<![if !vml]><![endif]>AVT: Unsuperivised Learning of Transformation Equivariant Representations by Autoencoding Variational Transformations
Laboratory for MAchine Perception and LEarning (MAPLE)
Abstract: The learning of Transformation-Equivariant Representations (TERs), which is introduced by Hinton et al., has been considered as a principle to reveal visual structures under various transformations. It contains the celebrated Convolutional Neural Networks (CNNs) as a special case that only equivary to the translations. In contrast, we seek to train TERs for a generic class of transformations and train them in an unsupervised fashion. To this end, we present a novel principled method by Autoencoding Variational Transformations (AVT), compared with the conventional approach to autoencoding data. Formally, given transformed images, the AVT seeks to train the networks by maximizing the mutual information between the transformations and representations. This ensures the resultant TERs of individual images contain the intrinsic information about their visual structures that would equivary extricably under various transformations. Technically, we show that the resultant optimization problem can be efficiently solved by maximizing a variational lower-bound of the mutual information. This variational approach introduces a transformation decoder to approximate the intractable posterior of transformations, resulting in an autoencoding architecture with a pair of the representation encoder and the transformation decoder. Experiments demonstrate the proposed AVT model sets a new record for the performances on unsupervised tasks, greatly closing the performance gap to the supervised models.
In a general sense, a Transformation Equivariant Representation (TER) is supposed to contain sufficient information about the visual structures of an individual image such that a transformation can be predicted from the representations of an original and transformed image. The criterion of learning a TER has been explored to train a new paradigm of Auto-Encoding Transformation (AET)  rather than data like in the conventional auto-encoders (see http://maple-lab.net/projects/AET.htm for more information about AET). In contrast, the proposed AVT seeks to directly maximize the mutual information between the representation and transformation. This provides an information-theoretical perspective to train the TER in a more principled fashion, as well as reveals a direct connection between the learned representation and the applied transformation.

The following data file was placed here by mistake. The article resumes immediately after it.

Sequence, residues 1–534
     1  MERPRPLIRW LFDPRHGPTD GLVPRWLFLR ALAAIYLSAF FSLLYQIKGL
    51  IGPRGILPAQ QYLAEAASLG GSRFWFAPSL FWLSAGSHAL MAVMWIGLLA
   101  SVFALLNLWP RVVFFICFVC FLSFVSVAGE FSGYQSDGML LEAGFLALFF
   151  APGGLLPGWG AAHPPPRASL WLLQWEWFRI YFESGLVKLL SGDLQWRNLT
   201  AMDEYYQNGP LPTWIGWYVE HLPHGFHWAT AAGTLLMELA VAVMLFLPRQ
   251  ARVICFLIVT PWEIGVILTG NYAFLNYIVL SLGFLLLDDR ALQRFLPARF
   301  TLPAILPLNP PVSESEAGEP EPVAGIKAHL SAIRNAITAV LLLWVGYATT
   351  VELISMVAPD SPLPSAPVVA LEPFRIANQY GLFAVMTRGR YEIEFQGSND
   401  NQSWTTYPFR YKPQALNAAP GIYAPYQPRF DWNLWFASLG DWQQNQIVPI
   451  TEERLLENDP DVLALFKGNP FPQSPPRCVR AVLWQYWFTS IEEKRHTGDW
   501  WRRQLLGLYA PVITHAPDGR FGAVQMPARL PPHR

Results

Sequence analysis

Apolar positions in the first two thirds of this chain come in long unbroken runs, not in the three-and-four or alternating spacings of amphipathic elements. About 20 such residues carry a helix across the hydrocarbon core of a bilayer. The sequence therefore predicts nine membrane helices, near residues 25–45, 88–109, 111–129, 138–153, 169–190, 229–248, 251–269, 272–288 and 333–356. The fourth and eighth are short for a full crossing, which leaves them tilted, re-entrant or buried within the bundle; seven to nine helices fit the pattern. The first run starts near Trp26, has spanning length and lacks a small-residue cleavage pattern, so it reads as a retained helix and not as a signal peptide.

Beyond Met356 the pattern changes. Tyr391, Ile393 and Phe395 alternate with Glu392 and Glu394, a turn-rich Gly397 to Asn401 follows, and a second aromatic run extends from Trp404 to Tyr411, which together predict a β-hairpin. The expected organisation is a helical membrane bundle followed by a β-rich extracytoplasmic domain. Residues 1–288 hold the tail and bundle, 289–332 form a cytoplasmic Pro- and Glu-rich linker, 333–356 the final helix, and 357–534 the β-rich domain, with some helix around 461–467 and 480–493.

The transformation equivariance is an important property to explore in training the representations, because
<![if !supportLists]>1. <![endif]>It enforces the representation to encode the most essential visual structures of images so that the transformation can be decoded from representations before and after the transformation.
<![if !supportLists]>2. <![endif]>Compared with the conventional auto-encoder that attempts to reconstruct the input image in a high-dimensional signal space, decoding transformations is easier since a transformation often resides in a lower dimensional space with much fewer degree of freedom. This presents the learned representations from over-representing images with unnecessary details, and thus provides more compact features only encoding the most intrinsic structures that equivary to extrinsic transformations.
Given a sample x randomly drawn from the data distribution p(x), the AVT seeks to learn its representation z by maximizing the expected mutual information over p(x)
While it is hard to directly maximize the above mutual information, a variational lower bound is derived that is tractably maximize:
where q(t,z|x) is the transformation decoder and p(t,z|x) is the TER encoder.
Figure 1 illustrates the architecture of the proposed AVT. For more details about how to train AVT, please refer to .
Our results on CIFAR-10 in Table 1 show the AVT outperforms the other compared unsupervised models.
Moreover, Table 4 shows with few number of samples per class used to train the downstream classifiers, the AVT paradigms still achieve very competitive accuracies compared with the other methods.
The results on ImageNet in Table 5 also demonstrate the AVT can greatly close the performance gap with the fully supervised models (54.2% vs. 59.7% with Conv4 representation and 48.4% vs. 59.7% with Conv5 representation).
More results can be found in .
 Liheng Zhang, Guo-Jun Qi, Liqiang Wang, Jiebo Luo. AET vs. AED: Unsupervised Representation Learning by Auto-Encoding Transformations rather than Data, in Proceedings of IEEE Conference on Computer Vision and Pattern Recognition (CVPR 2019), Long Beach, CA, June 16th - June 20th, 2019. [pdf]
 Guo-Jun Qi, Liheng Zhang, Chang Wen Chen, Qi Tian. AVT: Unsupervised Learning of Transformation Equivariant Representations by Autoencoding Variational Transformations, arXiv:1903.10863 [pdf]
March 27, 2019
© MAPLE Research